is nothing more magical
than a logical address
on a computer
system. By convention
, sockets are typically associated with a specific process, daemon
, service or program running on a specific host.
When you combine the IP address of the host or client with the port number, you end up with the socket. The socket is a link to a process running on a particular host on a network.
Port #21 is (by convention) associated with
FTP, or File Transfer Protocol.
The particular computer on a network is identified by its IP address:
Combine the two together, you get:
This is the socket, or the exact process on a particular computer.
When you go surfing the Internet
, you are typically using port #80. When you combine your computer's IP address with the port number, when the results of your click come back from the web server
, it is addressed directly to you (your computer IP address) and it comes in on a particular port associated with web pages (#80). You don't add the :80 to the end of your requested page, it is done automagically when you hit the enter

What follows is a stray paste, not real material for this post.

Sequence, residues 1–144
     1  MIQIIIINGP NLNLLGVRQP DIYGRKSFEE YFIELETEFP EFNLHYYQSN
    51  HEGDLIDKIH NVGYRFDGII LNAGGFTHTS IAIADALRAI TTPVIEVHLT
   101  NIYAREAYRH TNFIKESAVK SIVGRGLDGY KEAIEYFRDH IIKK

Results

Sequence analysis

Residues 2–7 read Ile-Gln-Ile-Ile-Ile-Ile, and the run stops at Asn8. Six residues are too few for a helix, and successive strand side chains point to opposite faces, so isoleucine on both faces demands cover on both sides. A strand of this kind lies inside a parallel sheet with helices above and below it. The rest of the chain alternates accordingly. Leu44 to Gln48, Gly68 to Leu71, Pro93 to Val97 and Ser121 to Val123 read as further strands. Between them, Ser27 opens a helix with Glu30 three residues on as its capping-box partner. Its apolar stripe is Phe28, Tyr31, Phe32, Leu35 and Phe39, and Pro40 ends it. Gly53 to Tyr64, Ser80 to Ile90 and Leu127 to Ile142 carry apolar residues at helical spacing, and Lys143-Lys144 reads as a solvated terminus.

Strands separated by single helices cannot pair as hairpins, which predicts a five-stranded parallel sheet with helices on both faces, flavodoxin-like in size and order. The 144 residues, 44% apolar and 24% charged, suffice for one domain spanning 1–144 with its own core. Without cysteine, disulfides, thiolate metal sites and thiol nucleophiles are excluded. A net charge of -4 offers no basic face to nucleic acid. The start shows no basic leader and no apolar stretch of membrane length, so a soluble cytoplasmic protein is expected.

key or click a link.
Some of the more well-known ports are:
PORT # PROCESS
7 Echo (think of the PING command)
17 QOTD (Quote of the Day)
21 FTP (Control, data flows on port 20)
25 SMTP (Simple Mail Transport Protocol)
80 HTTP (Web Browsing)
110 POP3 (Post Office Protocol version 3)
137 -------- NetBIOS. Scary Microsoft security hole.
139/ Think about the Blaster worm.
There's many more, from 1 to 65,535. Napster used 6969, and Kazaa used 1214. You should run a firewall to monitor these processes, sometimes there are things going on that you wouldn't want, like Spyware
says: I hate to be overly pedantic, but a socket is an abstract data structure in an application; it could do networking via, e.g., the TLI interface instead. The combination of an IP address and port number gives an endpoint -- assuming TCP. The same combination used by UDP is independent.
R_P: Programmers, gotta love 'em.